Hermanus is in the Overberg in the Western Cape, a two hour drive south-east of Cape Town. The locals call it Our Paradise, for good reason. It has incredible natural beauty – the sea, the mountains, nature reserves, fynbos, rock cliffs along the seaside, white sandy beaches, vineyards, hills with wheat and canola fields. And very little in the form of human intervention. It is largely an agricultural area. Nature is king here.
The Overberg is simply beautiful! Dramatic mountains which appear to rise out of the sea, vast nature reserves of virgin fynbos, renosterbos and strandveld; the rugged inter tide coastal area with many rock pools and kelp forests. The tastes, flavors and smells come from the unique terroir – the hot dry summers; the cool sea breezes; the scant winter rainfall; the sandy soil; the rocky outcrops; the hardy, fragrant fynbos and renosterbos. This is a hardy terrain, where you have to look beyond the obvious.
As the Overberg is largely an agricultural area, it has a long and rich culinary tradition which is unique to the area. The local cooks, chefs, vintners, artisans and crafts people use the local produce in such a way that it brings out the best in the tastes, flavors, textures, colors and aromas of the produce. The food and wines reflect something unique and special about this beautiful area and its people. A new generation of farmers, vintners and chefs have ensured that the food and wine is contemporary and refreshingly playful.
Hermanus it is located in Walker Bay. The vast, cold Atlantic Ocean lies to the south. This large protected bay offers perfect sanctuary to the Southern Right whales who visit every year between June and December to mate and calf. The Marine Reserve is home to populations of great white sharks, dolphins, penguins, seals, crayfish and other sea life. To the north are the Kleinrivier Mountains. Although not very high, they create a dramatic landscape as they appear to run directly into the sea. They are protected by Fernkloof nature reserve, with its incredible fynbos and wildlife, including baboons, small antelope, tortoises, porcupines, mongeese and many species of birds. To the west lies the Hemel en Aarde Valley in the folds of the mountains. It runs down to the sea and is influenced by the sea breezes and mists. This has created an ideal micro climate for growing Chardonnay and Pinot Noir grapes. On the eastern side is the Kleinrivier lagoon which enters the sea at Grotto Beach. This large lagoon is home to many water birds.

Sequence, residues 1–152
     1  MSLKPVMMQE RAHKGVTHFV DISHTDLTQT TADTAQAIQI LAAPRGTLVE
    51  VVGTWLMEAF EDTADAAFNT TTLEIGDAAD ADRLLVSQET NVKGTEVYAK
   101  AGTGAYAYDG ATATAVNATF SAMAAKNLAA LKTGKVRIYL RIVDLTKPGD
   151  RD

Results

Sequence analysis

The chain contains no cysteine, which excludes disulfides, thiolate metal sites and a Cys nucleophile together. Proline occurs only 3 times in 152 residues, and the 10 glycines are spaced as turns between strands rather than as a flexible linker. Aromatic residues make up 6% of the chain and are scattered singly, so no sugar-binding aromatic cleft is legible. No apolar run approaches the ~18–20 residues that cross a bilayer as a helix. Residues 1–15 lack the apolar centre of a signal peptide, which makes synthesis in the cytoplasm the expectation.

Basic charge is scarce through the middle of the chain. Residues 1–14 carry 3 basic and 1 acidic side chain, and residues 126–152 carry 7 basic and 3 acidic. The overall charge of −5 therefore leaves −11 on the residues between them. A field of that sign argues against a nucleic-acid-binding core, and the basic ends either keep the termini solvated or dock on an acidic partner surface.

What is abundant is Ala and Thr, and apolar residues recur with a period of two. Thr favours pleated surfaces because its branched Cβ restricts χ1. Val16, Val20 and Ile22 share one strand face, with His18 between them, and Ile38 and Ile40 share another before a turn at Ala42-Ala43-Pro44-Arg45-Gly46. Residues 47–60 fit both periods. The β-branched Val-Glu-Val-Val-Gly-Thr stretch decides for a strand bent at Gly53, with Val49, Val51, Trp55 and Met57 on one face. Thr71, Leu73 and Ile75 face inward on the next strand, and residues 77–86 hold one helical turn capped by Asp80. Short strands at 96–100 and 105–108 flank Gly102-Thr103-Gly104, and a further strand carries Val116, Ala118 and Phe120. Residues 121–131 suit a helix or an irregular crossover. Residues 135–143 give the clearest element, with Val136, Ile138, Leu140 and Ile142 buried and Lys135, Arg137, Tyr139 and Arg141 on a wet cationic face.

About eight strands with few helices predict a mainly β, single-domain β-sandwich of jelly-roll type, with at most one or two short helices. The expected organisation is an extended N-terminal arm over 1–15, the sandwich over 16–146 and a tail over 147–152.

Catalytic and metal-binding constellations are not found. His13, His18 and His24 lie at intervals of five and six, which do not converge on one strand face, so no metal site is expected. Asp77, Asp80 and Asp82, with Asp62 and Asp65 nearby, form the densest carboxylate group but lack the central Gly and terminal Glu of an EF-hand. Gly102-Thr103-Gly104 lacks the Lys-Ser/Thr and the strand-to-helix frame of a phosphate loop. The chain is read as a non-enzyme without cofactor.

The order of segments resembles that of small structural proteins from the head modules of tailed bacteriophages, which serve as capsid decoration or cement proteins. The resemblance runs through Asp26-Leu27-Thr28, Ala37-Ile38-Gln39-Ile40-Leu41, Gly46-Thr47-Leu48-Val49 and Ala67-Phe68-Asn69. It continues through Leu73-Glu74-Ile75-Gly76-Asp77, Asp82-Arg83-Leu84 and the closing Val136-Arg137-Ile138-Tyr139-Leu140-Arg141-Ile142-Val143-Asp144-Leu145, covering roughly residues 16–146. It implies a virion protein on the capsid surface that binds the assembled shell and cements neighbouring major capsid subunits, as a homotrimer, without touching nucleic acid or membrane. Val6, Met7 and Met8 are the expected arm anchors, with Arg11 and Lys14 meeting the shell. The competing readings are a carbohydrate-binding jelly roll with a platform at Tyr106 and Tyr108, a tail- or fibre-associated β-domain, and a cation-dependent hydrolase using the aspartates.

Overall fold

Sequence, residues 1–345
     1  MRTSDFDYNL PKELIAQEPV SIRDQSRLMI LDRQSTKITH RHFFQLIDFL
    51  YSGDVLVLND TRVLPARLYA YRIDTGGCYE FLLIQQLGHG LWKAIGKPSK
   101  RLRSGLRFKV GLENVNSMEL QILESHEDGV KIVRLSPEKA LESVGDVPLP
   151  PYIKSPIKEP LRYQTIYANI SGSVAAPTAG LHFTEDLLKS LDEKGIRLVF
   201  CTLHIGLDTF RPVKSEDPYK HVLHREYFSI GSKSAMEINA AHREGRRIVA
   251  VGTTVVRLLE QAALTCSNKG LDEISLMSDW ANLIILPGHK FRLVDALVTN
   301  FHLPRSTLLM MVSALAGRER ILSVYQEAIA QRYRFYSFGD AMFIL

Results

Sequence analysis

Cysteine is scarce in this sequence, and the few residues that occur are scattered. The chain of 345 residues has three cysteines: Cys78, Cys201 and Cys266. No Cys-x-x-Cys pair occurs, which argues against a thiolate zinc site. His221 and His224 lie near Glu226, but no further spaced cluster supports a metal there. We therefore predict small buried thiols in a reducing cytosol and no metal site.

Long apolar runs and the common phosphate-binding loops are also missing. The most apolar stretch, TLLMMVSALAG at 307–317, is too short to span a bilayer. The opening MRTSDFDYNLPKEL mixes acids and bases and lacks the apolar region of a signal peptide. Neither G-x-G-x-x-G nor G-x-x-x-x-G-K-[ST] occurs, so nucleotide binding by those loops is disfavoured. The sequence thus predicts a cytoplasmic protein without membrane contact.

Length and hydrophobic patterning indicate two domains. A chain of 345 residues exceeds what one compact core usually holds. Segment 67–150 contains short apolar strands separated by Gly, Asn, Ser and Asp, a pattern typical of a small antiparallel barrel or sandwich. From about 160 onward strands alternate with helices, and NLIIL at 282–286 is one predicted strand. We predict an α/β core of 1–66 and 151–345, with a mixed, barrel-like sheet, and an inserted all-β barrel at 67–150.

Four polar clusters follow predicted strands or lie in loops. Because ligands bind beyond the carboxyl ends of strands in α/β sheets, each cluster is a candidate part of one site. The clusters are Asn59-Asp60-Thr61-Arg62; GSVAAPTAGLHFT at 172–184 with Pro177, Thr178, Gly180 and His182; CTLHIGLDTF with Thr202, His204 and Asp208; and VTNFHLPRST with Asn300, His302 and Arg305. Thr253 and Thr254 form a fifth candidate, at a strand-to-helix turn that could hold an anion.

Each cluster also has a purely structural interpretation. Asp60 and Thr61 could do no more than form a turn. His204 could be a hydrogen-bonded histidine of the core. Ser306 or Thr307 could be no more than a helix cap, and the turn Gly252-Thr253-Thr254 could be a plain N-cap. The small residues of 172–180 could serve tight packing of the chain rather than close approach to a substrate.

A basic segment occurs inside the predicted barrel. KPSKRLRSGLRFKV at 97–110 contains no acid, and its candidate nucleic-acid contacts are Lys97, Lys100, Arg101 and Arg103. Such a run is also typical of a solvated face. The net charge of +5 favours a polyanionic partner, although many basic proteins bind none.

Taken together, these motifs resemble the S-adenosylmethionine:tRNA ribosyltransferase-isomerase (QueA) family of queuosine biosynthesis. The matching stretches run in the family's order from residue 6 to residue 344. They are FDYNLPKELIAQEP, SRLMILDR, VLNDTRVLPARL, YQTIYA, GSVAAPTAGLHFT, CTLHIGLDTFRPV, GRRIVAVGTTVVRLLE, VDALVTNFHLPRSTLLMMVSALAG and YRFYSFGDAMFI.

One of the most special things to do in Hermanus, is to walk the Cliff Path. The path is 10km long, and is mostly paved. It stretches from the New Harbour in the west to Grotto beach in the east. It hugs the coastline, along the cliffs and rock pools, over the little rivers which flow into the sea and across some small hidden beaches. It is perfect for watching the whales. You can have a swim in the tidal pools or at the beaches.
Hermanus is blessed with beautiful beaches. Many are smaller and nestled between rocky outcrops, and protected from the wind. There are rock and tidal pools for swimming too. Grotto beach is a Blue Flag beach, which means that it is clean, well managed, environmentally conscious, wholly safe and able to provide educational services. It offers 18kms of fine white sand and rolling turquoise waves. It is perfect for long walks, sun tanning, surfing and picnics. And because it is so big, it is never crowded.
The Fernkloof Nature Reserve is criss-crossed by many well-maintained paths and allows visitors to experience the sights and sounds and smells of the incredible fynbos floral kingdom. Hikers gain elavation quickly and easily and are able to see right across the majestic Walker Bay.
Covering about 1 800 hectares in the Kleinrivier Mountains, Fernkloof’s unique topography has given rise to flourishing and diverse plant life, including some unique species of fynbos. A network of colour-coded hiking trails runs throughout the reserve, offering spectacular views of Walker Bay and the Hemel en Aarde Valley.
The Hemel en Aarde Valley has dramatic high hills covered in pristine fynbos with sweeping views down the valley towards the sea. It is world renowned for its high quality noble wines, particularly Chardonnay and Pinot Noir. There are also export berry and olive farms in the valley as well as many good restaurants. They source their ingredients locally, and some are known for their foraged ingredients including fynbos, mushrooms, seaweed and mussels. The dishes are local too: Bredies, salads, breads, charcuterie, cheeses, sweet fruit and honey desserts.
The Caledon district, just beyond the Valley, is vast and fertile. It is known as the bread basket of South Africa, producing most of the wheat that our country needs. The rolling hills with their green winter wheat look like they have been draped in silk velvet. In spring, the huge fields of bright yellow canola crops remind you that summer is on its way. In summer the fields lie fallow – vast tracts of sandy stony furrowed lands with fat woolly Merino sheep huddled in the shade of copses of old eucalyptus trees close to the little farm dams. It is hard to believe how fertile this countryside is.